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Review: Tilda Swinton and Pedro Almodóvar's 'The Human Voice' Boasts Agony And Ecstasy

By Kristy Puchko | Film | October 2, 2020 |

By Kristy Puchko | Film | October 2, 2020 |


In the midst of this pandemic, productions around the world shuttered. Theaters closed. Film festivals canceled or frantically pivoted to virtual. Release dates promised a return to some sense of normalcy, then got pushed, again, and again, and again, crumbling our hopes with each move. In the midst of the pandemic, an unexpected announcement shined as a radiant and strange ray of hope.

World-renowned Spanish auteur Pedro Almodóvar revealed he’d teamed with Academy Award-winning chameleon Tilda Swinton for a short film, The Human Voice. We don’t often cover short films here at Pajiba. However, when two titans of cinema team up in such an extraordinary way, how could we not make an exception?

Making its U.S. debut at the New York Film Festival, The Human Voice stars Swinton as an unnamed woman, who is stricken with heartbreak. Adapting French poet Jean Cocteau’s play La Voix humaine into an English-language drama, Almodóvar spun its young heroine into one of his signature divas. The woman Swinton plays is not young, which makes her circumstances feel all the more dire. Her lover of the last several years has abruptly left her. She is alone in their apartment, save for his dog, who looks for him endlessly. We are the silent witnesses to her agony as she shuffles through DVDs, beholds his pressed suit lying limp on his side of the bed, and makes a trip to a tool store for a hefty ax. The bulk of this 30-minute short is the woman on the phone with her ex, who is unheard.

Swinton is entrusted with a one-sided conversation that is meant to unfurl the complexities of their relationship, the events of its end, and the mental state into which this emotional trauma has pitched this woman. She is dramatic, glamorous, and damaged, like many of the complicated women on the verge of a nervous breakdown that Almodóvar has presented to us. She is a vision and a terror. She is glorious in her flaws and ferocity.

Swinton begins the film by swanning about a soundstage in an opulent, violently red, velvet gown. This stage is where her apartment is built. Almodóvar exposes its seams through aerial shots. Its artifice is part of the text, perhaps meant to suggest how the woman’s world feels unreal to her. Maybe meant to imply her hurt feels are only valuable to her as performance. Agony without an audience is pain without purpose. Over the phone, her tone is initially airy, feigning an attitude she hopes will please her runaway lover. But as the conversation turns, her tone grows fragile, then furious. Into the receiver, she pours her soul, broken and bleeding and begging for relief.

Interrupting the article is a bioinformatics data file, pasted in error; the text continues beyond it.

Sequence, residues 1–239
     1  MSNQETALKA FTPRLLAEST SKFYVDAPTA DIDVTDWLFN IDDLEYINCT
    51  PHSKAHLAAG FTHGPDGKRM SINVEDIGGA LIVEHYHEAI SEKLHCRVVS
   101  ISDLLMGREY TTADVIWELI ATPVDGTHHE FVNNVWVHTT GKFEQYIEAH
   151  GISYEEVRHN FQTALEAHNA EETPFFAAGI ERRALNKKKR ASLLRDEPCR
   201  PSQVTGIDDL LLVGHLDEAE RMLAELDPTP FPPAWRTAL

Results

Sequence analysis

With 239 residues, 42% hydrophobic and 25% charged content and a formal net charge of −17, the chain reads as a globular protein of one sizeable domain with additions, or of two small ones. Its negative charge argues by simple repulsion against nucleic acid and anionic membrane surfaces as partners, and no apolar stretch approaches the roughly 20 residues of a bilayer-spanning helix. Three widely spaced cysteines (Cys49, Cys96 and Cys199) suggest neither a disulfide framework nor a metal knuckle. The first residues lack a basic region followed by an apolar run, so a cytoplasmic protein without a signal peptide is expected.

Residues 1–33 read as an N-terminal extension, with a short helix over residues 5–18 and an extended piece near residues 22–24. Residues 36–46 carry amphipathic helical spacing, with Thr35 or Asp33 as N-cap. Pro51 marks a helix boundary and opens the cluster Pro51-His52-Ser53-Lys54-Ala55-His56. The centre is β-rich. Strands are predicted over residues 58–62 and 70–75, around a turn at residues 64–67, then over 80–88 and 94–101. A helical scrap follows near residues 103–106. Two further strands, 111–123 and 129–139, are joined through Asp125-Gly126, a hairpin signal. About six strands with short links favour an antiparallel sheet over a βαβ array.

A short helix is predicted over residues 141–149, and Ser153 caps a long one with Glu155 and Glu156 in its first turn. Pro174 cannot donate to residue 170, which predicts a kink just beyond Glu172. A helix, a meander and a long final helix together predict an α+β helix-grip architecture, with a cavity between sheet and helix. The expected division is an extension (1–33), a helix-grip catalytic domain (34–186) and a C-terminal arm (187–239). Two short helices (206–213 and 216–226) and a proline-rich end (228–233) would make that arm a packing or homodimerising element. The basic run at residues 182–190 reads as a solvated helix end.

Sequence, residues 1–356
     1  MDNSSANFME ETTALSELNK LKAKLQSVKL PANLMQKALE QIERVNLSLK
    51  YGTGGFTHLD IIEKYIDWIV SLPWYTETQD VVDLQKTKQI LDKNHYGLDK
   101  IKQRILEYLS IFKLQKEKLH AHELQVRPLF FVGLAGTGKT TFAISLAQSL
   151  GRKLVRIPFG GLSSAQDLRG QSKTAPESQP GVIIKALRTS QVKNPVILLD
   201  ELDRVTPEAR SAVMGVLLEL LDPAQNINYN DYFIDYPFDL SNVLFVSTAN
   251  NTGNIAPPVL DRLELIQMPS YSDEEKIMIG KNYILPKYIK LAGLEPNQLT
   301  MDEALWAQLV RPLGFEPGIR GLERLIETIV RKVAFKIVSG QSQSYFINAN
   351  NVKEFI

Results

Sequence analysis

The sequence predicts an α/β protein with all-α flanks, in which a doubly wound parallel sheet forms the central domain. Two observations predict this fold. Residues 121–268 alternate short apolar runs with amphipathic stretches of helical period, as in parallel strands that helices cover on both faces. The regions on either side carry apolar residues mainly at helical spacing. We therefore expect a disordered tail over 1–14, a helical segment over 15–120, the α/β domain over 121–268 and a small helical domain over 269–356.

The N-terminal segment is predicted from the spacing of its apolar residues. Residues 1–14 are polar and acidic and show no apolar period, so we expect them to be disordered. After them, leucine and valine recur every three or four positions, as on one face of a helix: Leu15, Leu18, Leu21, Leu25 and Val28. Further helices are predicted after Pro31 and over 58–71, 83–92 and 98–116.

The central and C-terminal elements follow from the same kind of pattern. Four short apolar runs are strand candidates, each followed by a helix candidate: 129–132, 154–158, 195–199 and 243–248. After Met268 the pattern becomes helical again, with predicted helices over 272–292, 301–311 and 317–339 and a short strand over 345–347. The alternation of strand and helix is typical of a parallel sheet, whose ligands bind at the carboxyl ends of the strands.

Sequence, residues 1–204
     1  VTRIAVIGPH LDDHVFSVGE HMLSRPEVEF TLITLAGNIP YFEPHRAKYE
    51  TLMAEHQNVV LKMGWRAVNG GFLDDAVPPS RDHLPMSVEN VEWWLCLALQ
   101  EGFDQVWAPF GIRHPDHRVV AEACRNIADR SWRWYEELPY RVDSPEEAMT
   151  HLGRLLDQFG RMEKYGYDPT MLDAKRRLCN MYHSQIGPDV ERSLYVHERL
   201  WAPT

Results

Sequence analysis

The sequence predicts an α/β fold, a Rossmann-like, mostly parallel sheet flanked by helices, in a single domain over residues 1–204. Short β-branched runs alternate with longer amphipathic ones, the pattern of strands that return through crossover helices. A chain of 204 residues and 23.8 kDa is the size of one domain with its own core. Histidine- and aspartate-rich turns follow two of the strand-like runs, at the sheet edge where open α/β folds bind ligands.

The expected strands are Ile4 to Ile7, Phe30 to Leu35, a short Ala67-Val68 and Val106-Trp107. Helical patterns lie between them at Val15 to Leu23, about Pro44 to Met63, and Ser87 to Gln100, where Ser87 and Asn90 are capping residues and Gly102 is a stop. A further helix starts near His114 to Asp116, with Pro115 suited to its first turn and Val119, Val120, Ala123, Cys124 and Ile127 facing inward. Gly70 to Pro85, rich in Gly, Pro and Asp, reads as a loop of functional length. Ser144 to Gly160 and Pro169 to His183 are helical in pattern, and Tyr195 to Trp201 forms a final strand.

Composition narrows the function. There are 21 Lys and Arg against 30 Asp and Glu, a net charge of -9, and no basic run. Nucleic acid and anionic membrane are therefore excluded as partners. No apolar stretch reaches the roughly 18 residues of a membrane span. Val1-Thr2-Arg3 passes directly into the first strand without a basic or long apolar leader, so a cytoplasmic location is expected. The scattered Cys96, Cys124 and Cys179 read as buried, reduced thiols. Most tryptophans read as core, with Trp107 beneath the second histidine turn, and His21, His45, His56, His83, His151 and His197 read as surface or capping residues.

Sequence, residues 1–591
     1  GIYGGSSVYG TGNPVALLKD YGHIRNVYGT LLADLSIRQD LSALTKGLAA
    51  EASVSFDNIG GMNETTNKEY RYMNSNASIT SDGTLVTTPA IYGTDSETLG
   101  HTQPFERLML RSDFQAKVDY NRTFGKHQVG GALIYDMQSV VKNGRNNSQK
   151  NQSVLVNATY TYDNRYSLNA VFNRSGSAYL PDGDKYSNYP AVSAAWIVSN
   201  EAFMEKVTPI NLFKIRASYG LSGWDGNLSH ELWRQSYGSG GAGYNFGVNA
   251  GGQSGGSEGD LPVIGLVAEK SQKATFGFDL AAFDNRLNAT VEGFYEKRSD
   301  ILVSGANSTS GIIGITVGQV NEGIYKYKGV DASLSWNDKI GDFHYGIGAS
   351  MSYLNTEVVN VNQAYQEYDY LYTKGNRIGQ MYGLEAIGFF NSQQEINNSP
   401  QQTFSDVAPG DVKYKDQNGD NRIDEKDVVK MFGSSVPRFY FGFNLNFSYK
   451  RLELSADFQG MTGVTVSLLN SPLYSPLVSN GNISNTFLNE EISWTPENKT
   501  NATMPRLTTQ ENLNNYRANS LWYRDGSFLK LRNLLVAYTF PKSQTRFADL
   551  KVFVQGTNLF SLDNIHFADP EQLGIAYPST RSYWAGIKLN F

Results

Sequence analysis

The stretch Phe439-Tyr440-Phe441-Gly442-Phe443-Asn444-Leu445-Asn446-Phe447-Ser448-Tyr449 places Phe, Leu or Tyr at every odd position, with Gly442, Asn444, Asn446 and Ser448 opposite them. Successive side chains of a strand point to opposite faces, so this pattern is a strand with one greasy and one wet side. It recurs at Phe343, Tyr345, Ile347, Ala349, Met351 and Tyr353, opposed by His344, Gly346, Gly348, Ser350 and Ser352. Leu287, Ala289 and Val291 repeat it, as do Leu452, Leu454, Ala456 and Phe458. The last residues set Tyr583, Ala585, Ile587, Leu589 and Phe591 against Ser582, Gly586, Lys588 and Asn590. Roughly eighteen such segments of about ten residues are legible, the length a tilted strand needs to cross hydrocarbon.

In this way, The Human Voice feels like an Almodóvar film distilled to its essence. At its center is a strong but battered protagonist fighting for love in a way messy yet achingly human. She lives in a world of color, fashion, and passion. Her home is draped in striking paintings of unapologetic nudes. Her shelves littered with eye-catching baubles. Swinton changes costumes more times you might guess, including tossing on wardrobe anarchy: gold sequin pants, a floral turtleneck, a plaid flannel, and a hulking leather jacket. (Spoilers: it is stunning!) She cries and snarls, sighs and stares into the mid-distance, and is mesmerizing in every moment. Thus, when it comes to the woman’s final act of rebellion, your heart is in your throat, knowing she is capable of anything, for better and for worse.

Simply put, The Human Voice is extraordinary. Swinton is riveting, wrecked and ravishing. Almodóvar celebrates cinema and the power of performance not only by filling his frames with visual panache but also by revealing the artifice that is the foundation for film’s authentic ache. Wrapping together performance, passion, and visuals powerful and provocative, these two collaborated to give us a remarkable gift, to remind us what magic might still be found in movies.

The Human Voice played as part of New York Film Festival 2020’s Spotlight Slate.

New York Film Festival runs September 17 to October 11. For more on how you can participate, visit the NYFF website.

Epidemiologists do not think it’s safe yet to go to theaters even with social distancing and safety measures in place. This review is not an endorsement or suggestion otherwise. Our reviewers are covering the films remotely with the use of screening links.

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Kristy Puchko is the managing editor of Pajiba. You can follow her on Twitter.

Header Image Source: NYFF